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Nassau resiliency plan wins $125M in post-Sandy funds contest

From left, Rockville Centre Mayor Francis Murray, Nassau

From left, Rockville Centre Mayor Francis Murray, Nassau County Executive Edward Mangano and Sen. Charles Schumer, chat after a news conference at the New York City Housing Authority's Jacob Riis Houses on June 2, 2014. Credit: Charles Eckert

A proposal to protect Nassau County's South Shore from storm surges and rising sea levels as well as stormwater flowing from higher elevations Monday won $125 million in a federal post-superstorm Sandy rebuilding design competition.

"Living with the Bay," by a coalition of U.S.- and Dutch-based design and engineering firms called The Interboro Team, was one of four projects in New York to earn federal funding through the U.S. Department of Housing and Urban Development's Rebuild by Design competition. The award would go toward further development of the project.

"There are lots of inland waterways that won't be protected even if you build a big barrier on Long Beach and at Jones Beach," Sen. Charles Schumer (D-N.Y.) said of the South Shore's unique vulnerability to flooding. The project, which Schumer advocated for the funding prize, will protect "countless communities like East Rockaway and Lynbrook and Rockville Centre and Island Park from the next storm," he said.

It would cost $3 billion to expand beyond the pilot programs and address each tributary on Nassau's South Shore, according to The Interboro Team.

The New York winners -- awarded a total of $540 million in Community Development Block Grants for Disaster Recovery -- were announced at a news conference on Manhattan's Lower East Side, which also was hard hit by Sandy in 2012.

The proposal for protecting the Mill River watershed -- between East Rockaway and Oceanside -- includes installing a sluice to reduce storm surges and control stormwater, widening the river by building undeveloped land into a waterfront park that can also filter stormwater, and adding stormwater swales to streets adjacent to the river. The Interboro Team must next submit an action plan.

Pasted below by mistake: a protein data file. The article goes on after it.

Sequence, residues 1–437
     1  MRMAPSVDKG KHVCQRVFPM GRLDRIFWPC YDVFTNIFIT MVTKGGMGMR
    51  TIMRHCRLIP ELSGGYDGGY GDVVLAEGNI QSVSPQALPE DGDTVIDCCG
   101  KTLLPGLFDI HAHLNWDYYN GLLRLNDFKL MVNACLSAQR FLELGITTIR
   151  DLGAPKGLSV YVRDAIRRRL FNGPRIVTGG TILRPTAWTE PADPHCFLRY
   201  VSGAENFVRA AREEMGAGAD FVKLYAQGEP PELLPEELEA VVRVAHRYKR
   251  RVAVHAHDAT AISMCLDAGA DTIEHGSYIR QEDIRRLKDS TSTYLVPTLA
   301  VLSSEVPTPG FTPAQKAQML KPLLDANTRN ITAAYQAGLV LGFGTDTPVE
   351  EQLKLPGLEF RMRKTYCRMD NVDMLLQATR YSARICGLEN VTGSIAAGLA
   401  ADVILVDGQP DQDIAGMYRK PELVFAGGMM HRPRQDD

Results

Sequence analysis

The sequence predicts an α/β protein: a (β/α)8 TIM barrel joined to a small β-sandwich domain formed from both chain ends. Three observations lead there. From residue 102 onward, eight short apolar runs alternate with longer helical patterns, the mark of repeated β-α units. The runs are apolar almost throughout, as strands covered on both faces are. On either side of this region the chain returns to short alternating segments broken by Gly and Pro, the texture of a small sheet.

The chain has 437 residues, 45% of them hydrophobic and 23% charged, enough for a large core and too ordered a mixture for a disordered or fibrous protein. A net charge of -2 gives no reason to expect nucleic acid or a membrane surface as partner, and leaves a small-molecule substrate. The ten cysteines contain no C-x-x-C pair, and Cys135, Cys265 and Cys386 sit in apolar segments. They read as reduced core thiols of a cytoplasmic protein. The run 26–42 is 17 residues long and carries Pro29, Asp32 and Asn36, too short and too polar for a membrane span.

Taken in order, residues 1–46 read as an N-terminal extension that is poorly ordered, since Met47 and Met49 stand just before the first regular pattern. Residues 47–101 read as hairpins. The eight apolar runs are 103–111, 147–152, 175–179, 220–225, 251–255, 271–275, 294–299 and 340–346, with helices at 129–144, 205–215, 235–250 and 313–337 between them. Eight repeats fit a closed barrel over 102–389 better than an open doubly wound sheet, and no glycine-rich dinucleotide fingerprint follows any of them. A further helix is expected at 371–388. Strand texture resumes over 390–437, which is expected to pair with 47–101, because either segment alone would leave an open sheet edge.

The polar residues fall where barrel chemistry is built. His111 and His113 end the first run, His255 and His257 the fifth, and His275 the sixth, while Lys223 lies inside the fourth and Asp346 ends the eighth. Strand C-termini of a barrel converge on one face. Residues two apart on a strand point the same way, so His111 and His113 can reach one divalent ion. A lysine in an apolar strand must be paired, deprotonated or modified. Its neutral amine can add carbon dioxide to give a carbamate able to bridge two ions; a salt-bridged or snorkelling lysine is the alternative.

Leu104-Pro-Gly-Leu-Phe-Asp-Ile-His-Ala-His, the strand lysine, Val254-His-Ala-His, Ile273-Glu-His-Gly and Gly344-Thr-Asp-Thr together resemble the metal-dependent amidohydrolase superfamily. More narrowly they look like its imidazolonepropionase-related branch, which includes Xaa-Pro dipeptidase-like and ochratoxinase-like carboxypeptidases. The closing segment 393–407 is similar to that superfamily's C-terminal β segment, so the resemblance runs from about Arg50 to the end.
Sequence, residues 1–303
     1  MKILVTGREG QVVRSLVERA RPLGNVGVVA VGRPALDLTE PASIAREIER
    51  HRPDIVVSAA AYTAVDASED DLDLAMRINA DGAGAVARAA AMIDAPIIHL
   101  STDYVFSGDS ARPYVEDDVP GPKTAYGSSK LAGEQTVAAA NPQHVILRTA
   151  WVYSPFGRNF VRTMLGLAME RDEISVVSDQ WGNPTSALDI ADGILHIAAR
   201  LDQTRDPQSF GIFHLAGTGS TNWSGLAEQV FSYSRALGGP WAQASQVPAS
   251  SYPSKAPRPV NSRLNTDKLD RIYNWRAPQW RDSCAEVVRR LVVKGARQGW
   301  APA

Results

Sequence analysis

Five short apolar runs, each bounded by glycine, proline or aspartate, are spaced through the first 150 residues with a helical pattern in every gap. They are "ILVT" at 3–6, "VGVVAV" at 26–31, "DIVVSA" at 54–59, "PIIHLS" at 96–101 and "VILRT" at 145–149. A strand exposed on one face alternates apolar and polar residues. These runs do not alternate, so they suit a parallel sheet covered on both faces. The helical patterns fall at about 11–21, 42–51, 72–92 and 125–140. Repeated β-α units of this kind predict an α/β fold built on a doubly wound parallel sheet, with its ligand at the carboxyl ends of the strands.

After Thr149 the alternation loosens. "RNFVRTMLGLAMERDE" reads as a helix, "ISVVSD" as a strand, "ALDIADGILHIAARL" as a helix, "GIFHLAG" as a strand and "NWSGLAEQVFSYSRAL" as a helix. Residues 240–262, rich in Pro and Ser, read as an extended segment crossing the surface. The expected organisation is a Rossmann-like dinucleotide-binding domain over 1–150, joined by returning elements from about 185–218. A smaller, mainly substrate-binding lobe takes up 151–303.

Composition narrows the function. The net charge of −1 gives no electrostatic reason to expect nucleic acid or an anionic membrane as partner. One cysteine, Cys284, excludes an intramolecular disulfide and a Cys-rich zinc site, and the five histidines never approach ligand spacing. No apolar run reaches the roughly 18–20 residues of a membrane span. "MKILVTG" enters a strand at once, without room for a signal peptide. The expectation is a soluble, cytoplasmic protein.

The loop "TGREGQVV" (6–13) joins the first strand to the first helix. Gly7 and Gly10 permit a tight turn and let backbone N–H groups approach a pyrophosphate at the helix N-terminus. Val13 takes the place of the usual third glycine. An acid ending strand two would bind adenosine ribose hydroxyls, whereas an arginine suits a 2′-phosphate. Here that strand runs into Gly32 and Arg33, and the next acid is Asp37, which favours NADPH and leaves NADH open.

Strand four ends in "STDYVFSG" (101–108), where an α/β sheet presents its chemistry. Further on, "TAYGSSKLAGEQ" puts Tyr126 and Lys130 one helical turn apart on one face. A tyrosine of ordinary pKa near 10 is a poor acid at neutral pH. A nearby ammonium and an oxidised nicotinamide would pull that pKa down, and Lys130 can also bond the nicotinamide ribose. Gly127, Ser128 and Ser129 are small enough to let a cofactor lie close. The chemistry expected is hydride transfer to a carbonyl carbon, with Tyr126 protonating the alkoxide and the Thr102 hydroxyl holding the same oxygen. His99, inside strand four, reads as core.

"What our research showed was that there was not one single threat, there are multiple threats to Nassau County . . . that all contribute to its vulnerability," said Georgeen Theodore, a principal with the Brooklyn-based Interboro Partners architecture, urban design and urban planning firm.

Nassau County Executive Edward Mangano said the county will work with the federal, state and local governments to make sure the project becomes reality as quickly as possible, but stakeholders must meet before a timeline is established.

"It's certainly not only going to protect our shoreline and our marsh area, but it's going to add a dimension of recreation and aesthetic improvement for our residents," he said.

The other New York winners were The BIG Team, with $335 million to build a bridging berm to provide the Lower East Side with vertical storm surge protection; PennDesign/Olin, with $20 million for the study of ways to protect the Bronx's Hunts Point food hub; and SCAPE/Landscape Architecture, with $60 million for an in-water "reef street" to protect Staten Island from waves and erosion using a habitat of finfish, shellfish and lobsters.

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